I want to suggest another New Year’s Resolution: Speak up for teachers! The bashing and the budget cuts continue, the new tax bill undercuts public education in a major way, children and teachers in Baltimore City are forced to spend their days in unheated public school buildings, and teaching is–understandably–losing quality women and men. We can fight back in lots of ways, starting with organizing to see that schools are adequately supported.
Please take a moment to think about the teachers who helped make you who you are today. I’m sharing memories of two teachers who changed the way I think about education and (I hope) the way I conduct myself. I hope you will share your own stories in the comment section
Good leaders keep good teachers in the field, and bad leaders drive them out. It’s almost that simple. In forty-one years of reporting about education, I must have visited at least five thousand classrooms and observed an awful lot of really good teaching. My all-time favorite teacher is George from Maine. To me, George embodies the best in the business, because of what he stood for and how he stood his ground when the going got tough. We met at his public high school in the late 1970s. At the principal’s recommendation, I sat in on George’s ethics class, which was lively and interesting. Afterward we had a cup of coffee at my request, because I wanted to hear his story. Ethics, he told me, was one of a bunch of elective courses that seniors could choose from for their final semester of high school. He had taught it for the first time one year earlier.
Although the principal had already told me the basic outline of George’s story, I asked him to tell me what had happened in his class. He agreed. “I set the bar high because it’s an ethics class,” he said. “I tell the students that I accept only A or B work. Anything else, they get a grade of incomplete. I make it crystal clear to them that they cannot flunk the class—or even pass with a D or a C.” He told me that he did this because he wanted them to approach their lives and careers that way.
How did the kids react? “They’re seniors, and so a lot of them blow it off, of course,” he told me, “but I make them sign a letter of agreement up front. If they won’t sign, they can’t take the course.” He had cleared this approach with the principal, who agreed to support him. Midway through the semester not even half of the kids were doing A or B work, and so he reminded them of the contract they’d signed. He told me he could see their eyes roll.
With a few weeks left, many were still well under the A/B bar. And that’s when it got really interesting, he said. When the guidance counselor spotted all those incompletes on the interim reports, she called those students to her office and told them their diplomas were in jeopardy because no one with an incomplete was allowed to graduate.
Panic ensued, he told me. The students came clamoring to his classroom. “Please just flunk me,” some kids begged. They told him that they had enough credits to graduate, so an F wouldn’t hurt. “Remember the contract,” he responded. “No grade of F, D, or C allowed. Go back and do the work,” he advised. Now, remember that George had obtained the principal’s approval in advance, probably because he anticipated some problems. But he couldn’t have imagined what happened next. One student with an incomplete went home and complained to his father, who just happened to be the chair of the school board. That gentleman made an appointment to see George.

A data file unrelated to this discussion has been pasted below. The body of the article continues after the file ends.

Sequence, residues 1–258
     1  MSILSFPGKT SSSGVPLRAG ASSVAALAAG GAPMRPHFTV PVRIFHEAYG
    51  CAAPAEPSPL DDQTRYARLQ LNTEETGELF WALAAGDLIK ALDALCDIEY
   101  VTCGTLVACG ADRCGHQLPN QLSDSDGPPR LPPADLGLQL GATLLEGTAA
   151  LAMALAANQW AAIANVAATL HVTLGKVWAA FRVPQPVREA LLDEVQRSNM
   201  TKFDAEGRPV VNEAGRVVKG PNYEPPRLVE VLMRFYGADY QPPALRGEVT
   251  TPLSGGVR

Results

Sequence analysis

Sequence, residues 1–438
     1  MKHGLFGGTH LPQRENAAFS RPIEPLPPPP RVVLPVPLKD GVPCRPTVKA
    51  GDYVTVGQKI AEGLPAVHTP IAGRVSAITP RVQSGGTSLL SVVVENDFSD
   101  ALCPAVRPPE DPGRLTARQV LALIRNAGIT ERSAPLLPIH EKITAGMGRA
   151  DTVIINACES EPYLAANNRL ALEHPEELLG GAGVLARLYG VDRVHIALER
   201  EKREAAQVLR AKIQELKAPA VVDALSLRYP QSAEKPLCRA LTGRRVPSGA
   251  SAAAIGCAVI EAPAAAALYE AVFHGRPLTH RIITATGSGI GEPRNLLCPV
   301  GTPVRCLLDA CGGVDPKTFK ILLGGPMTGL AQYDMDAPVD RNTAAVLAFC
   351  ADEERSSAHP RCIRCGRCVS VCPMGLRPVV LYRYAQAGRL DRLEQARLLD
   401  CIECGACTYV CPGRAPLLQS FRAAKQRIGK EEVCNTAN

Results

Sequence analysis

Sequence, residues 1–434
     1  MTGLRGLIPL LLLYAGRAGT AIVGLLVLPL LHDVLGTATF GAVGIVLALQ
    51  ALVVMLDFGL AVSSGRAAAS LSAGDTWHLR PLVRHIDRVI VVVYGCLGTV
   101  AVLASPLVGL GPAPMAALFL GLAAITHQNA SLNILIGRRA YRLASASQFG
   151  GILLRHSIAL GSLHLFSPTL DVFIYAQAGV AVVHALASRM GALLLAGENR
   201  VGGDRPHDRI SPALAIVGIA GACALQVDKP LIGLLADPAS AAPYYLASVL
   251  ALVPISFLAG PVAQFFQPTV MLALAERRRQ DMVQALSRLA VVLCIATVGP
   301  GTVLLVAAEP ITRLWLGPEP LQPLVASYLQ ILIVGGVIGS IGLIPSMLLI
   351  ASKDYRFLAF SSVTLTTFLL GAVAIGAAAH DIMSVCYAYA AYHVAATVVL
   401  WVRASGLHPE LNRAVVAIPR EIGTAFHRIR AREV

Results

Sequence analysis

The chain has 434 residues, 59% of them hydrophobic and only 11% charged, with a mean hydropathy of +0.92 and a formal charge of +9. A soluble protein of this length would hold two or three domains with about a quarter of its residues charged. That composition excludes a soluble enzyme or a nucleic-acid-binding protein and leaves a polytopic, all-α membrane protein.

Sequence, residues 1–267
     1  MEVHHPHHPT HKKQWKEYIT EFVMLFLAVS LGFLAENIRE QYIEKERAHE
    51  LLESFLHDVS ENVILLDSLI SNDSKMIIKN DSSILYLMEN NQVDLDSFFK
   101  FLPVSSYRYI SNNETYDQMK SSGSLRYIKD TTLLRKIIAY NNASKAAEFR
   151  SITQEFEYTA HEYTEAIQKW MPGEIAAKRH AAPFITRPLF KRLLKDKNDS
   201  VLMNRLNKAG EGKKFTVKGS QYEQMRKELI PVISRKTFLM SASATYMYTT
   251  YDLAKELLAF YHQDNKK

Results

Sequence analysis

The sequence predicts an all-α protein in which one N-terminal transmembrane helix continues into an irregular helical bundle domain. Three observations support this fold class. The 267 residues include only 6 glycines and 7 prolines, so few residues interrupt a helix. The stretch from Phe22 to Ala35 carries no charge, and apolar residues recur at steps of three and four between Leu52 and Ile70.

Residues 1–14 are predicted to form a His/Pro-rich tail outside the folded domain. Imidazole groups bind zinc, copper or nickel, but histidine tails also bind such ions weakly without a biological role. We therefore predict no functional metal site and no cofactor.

He came in, George recalled, with a mix of bluster and unctuousness. “I’m so proud of my son,” George remembers him saying. “My boy has been accepted at Colgate, he was voted most likely to succeed, he’s interning this summer at the local bank, and he’s spending all his time working on his speech for graduation—he was chosen to be class speaker. He’s on track to graduate, so why don’t you just give him a D? Or even an F, if that would make you feel better?”
“This is an ethics class,” George told the father. “And are you certain that’s the ethical lesson you want me to teach your son: that contracts don’t matter, that his word doesn’t matter, and that all that really matters is who you know?” Chastened, the father went home. The son did the work.
For me, George and his principal became models for the profession: high standards and expectations; clear rules; choices for students; academic performance as the constant, with time the variable; intellectual courage on George’s part; and solid leadership from the principal.
The best teacher I had outside of school and home was a coach for the St. Louis Cardinals. I’ve been a baseball fan for as long as I can remember, but I’ve been only a fan, not a player. In my case fan is short for fantasy, not fanatic. As a kid in the 1950s I spent hours being the hero of imaginary baseball games, throwing an old tennis ball against the barn wall and pretending to be Johnny Logan or Red Schoendienst in the field, Eddie Mathews, Hank Aaron, or Stan Musial at bat. In real life, unfortunately, I was pretty awful, invariably one of the last chosen for pickup games and almost always the right fielder. But I had one glorious moment when I was twenty: an accidental invitation to try out for the St. Louis Cardinals, and a brief—very brief—chance to sit in the Pittsburgh Pirates’ dugout during a game.
In 1961, during my year off from Dartmouth, I was working in Kansas as a reporter-photographer for the Leavenworth Times. I was restless, enthusiastic, and energetic, and I managed to get myself fired in February 1962, largely for being a pain in the neck.
Jobless, I was free to do whatever I wanted, so I decided to hitchhike around the country. I took to the road, intending to wend my way south, toward warm weather and, more important, spring training.